High Hamstring Injuries- What A Pain in the @$$!


Pain in the high hamstring area is one of the most common (and most frustrating!) athletic injuries. It hurts when you run, when you bike, when you sit, drive, tie your shoes, brush your teeth... it just hurts ALL OF THE TIME. Chances are if you have ever suffered from a hamstring injury even reading this first paragraph will make you a little queasy; they can be a notoriously persistent and long lasting issue. I still maintain that, given a choice, I would pick a stress fracture over a hamstring injury any day. When a bone heals, it heals. It stops hurting and you can start running. A soft tissue/hamstring problem can wax and wane seemingly without any reason and can certainly outlast your optimistic attitude. Allow me to be a little dramatic- it can squash your season and your soul. 

So why does the hamstring take so long to heal, and why is it essential to seek treatment sooner rather than later? Let us consider...


The hamstring crosses two major joints in the body, and is responsible for both hip extension and knee flexion. This places the hamstring at even more risk for injurious forces and can increase the necessary recovery time. Recovery can be further delayed by misdiagnosis of the actual injury and failure to correct poor movement patterns and postures which caused the injury in the first place.

The hamstring is not a single muscle, but a group of three (arguably four) muscles which originate at the ischial tuberosity (read: sit bone) and attach below the knee on both sides. The infamous sciatic nerve innervates (read: feeds, makes work) the hamstring. The relationship between the sciatic nerve and the hamstring is significant                       and will be further explained below. 

To effectively treat hamstring pain, there must be an understanding of its root cause. WHY was the tissue injured in the first place? Why the hamstring, and why one side verses the other? This leads us to...


  • A hamstring sprain, strain, or pull- is a result of a micro trauma to the muscle fibers. Pain can be felt near the buttock, near the back of the knee, or anywhere along the length of the muscle belly. The injury can come on gradually or suddenly (as in during a sprint or a kicking motion) and can sometimes be accompanied with bruising or swelling in the back of the thigh.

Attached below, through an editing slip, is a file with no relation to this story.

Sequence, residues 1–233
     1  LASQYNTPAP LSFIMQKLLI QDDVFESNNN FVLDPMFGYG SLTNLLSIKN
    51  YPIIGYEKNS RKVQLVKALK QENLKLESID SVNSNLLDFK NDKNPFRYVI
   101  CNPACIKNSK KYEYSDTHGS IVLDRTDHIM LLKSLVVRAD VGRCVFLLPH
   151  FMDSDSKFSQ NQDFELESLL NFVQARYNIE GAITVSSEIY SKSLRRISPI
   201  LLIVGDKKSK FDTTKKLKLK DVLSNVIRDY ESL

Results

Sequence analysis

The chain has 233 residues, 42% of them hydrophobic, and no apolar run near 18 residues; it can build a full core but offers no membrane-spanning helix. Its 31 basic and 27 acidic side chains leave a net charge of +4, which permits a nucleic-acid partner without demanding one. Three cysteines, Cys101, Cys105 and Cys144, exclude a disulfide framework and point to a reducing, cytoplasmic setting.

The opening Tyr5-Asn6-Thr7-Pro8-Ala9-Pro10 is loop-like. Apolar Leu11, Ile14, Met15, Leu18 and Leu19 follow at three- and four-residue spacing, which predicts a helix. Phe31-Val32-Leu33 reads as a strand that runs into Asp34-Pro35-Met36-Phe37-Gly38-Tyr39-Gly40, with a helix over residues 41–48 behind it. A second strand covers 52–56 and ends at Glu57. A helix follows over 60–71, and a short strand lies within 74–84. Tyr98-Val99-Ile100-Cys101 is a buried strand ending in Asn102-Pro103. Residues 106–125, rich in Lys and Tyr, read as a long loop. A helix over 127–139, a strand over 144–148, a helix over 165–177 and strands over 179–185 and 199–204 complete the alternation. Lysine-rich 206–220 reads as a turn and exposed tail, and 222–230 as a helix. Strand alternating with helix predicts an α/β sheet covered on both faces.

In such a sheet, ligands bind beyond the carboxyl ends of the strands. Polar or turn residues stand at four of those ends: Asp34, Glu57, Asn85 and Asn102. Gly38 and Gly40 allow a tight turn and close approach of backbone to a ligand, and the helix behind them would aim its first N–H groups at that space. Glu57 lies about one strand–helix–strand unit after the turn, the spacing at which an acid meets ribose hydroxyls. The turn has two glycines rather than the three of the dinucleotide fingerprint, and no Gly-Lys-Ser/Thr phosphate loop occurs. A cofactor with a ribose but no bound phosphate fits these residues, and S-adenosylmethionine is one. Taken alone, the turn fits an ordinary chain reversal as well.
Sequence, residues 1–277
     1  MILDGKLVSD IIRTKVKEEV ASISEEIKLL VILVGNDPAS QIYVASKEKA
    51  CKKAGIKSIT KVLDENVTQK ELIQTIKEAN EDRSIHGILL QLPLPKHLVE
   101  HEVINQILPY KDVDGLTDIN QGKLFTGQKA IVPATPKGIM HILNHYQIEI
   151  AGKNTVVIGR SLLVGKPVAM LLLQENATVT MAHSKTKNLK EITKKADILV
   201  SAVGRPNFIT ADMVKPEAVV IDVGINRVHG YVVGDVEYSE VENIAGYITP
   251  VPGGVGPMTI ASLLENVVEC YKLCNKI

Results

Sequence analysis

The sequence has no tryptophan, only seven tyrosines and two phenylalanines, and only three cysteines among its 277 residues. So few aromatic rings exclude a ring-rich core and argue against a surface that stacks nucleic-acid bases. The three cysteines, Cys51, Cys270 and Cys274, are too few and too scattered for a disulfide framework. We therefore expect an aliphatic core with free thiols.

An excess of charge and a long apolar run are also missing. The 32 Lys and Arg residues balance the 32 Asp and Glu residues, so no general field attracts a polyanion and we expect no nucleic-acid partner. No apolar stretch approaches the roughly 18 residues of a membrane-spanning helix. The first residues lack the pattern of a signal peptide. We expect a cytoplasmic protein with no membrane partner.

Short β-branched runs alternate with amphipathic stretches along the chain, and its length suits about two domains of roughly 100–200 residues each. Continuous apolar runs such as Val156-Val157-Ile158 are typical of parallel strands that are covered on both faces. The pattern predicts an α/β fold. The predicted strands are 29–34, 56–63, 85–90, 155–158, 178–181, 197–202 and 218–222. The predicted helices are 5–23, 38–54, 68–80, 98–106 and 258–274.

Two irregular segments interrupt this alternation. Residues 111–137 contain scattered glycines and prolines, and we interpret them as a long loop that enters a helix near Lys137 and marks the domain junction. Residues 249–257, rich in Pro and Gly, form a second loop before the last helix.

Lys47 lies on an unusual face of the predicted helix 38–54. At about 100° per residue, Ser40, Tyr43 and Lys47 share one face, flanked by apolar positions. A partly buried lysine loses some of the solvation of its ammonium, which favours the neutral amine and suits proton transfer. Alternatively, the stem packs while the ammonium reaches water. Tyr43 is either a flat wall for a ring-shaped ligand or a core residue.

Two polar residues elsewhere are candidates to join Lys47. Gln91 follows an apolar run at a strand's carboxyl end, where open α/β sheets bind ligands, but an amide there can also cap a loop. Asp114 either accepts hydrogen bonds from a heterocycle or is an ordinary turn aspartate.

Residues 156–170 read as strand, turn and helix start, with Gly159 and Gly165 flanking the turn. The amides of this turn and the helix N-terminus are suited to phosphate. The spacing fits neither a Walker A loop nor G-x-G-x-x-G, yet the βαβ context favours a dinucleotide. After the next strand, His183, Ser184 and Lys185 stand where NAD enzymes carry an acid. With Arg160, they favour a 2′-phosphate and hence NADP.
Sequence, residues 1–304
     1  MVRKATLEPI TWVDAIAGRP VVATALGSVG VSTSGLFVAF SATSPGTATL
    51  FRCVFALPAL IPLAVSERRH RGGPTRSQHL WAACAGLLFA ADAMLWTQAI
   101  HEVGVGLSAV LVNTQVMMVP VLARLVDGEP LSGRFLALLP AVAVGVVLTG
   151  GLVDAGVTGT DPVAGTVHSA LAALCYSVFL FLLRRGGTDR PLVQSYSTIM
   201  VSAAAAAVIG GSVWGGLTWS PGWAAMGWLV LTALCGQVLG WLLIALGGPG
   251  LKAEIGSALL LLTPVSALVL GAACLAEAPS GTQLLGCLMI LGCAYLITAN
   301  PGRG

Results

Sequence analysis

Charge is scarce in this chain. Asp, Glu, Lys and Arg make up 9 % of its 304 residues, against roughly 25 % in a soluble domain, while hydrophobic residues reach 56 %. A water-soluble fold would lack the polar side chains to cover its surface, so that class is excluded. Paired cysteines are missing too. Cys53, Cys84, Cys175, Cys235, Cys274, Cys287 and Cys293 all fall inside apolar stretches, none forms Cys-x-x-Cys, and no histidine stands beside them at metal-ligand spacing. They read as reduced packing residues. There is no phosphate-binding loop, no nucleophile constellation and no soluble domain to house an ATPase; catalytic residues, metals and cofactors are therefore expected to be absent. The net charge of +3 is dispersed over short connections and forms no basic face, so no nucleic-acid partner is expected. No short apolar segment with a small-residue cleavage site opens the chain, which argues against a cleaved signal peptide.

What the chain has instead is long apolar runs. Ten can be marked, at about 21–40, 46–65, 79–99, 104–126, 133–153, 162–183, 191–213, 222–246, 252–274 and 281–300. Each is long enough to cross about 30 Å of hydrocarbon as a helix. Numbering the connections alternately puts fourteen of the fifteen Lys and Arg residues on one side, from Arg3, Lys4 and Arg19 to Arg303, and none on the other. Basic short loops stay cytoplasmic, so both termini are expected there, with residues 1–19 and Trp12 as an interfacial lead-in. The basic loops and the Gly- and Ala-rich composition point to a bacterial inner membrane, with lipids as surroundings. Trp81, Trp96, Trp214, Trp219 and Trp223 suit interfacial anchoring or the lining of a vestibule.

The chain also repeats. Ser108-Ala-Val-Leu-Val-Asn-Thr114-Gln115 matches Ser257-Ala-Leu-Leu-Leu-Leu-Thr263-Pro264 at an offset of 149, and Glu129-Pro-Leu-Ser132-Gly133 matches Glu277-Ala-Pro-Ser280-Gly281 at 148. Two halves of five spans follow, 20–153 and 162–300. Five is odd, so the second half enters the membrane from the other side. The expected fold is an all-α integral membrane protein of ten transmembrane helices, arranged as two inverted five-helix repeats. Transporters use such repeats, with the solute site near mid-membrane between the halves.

• Hamstring tendonitis or tendonosis- Tendonitis (an inflammatory response within the tendon) or tendonosis (degradation and disorganization of the tendon fibers) of the hamstring is a common           and frustrating injury. Pain is typically felt at the top of the thigh and gluteal area and will be worse with prolonged sitting, running hilly terrain, or doing speed work. 
  • Neural tension with or without low back contribution- A nerve may be restricted at multiple points along its path: where it exits the spine, where it dives under specific muscles, and/or where it bends around boney prominences. If the sciatic nerve doesn't glide and slide like it should (ie. "neural tension") it may mimic a feeling of extreme hamstring tightness. Furthermore, if there is neural tension in the sciatic nerve, the hamstrings are unable to work at their full capacity. This means that they are more likely to be overused, strained, and injured. 
  • Form and posture deficits- Poor movement patterns which overuse or overstretch the hamstring-muscle tendon complex put the tissue at risk for injury. This can include: weak abdominals, inactive gluteal muscles, unstable hips, overactive quadriceps and shortened hip flexors. These are intrinsic factors, or factors that are specific to an individual’s body.


  • Extrinsic Causes- Extrinsic factors can also contribute to hamstring injury. An extrinsic factor is an "oops, that was stupid" or "probably shouldn't have done that" factor. Examples include a drastic increase in training intensity and/or volume. It could also be a sudden change in training activity (hot boxing 6x a week starting tomorrow anyone? YEYYYYY) or footwear. Weather can even be an extrinsic factor, like very very cold temperatures. 


Full rehabilitation and return to activity is certainly possible after a hamstring insult. I don't want you to think that your athletic life is over and that you should expand you scrapbooking skills. However, a thorough evaluation and specific recovery program is typically necessary.

  • Manual therapy- techniques such as ASTYM, joint mobilization, trigger point dry needling, and soft tissue work is extremely beneficial in reducing immediate symptoms and allowing return of normal movement patterns.
  • Progressive strength program- a specific program to strengthen the hamstring tendon, muscle, and supporting muscles is a must. The program should not provoke lasting symptoms, but also needs to be challenging enough to produce strength gains and changes in tendon health. Just "resting it" is not always the answer and can actually delay recovery in certain circumstances. 
  • Assessment of form- running form, bike fit, standing posture, etc in order to ensure that you are not moving repetitively in a pattern that continues to irritate your hamstring with every step, peddle stroke, and passing minute. 

I always joke about starting a Nashville-Female-Endurance-Athletes-Suffering-Or-Having-Suffered-From-Hamstring-Insult support group. I'm only 10% kidding. It's real people. 

Link to MY physical therapist's blog and my own personal experience HERE

Don't let your hamstring injury be a pain in the, I'm gonna say it...ready? ASS! Don't let it be a huge pain in the ass! Consult with your physical therapist today.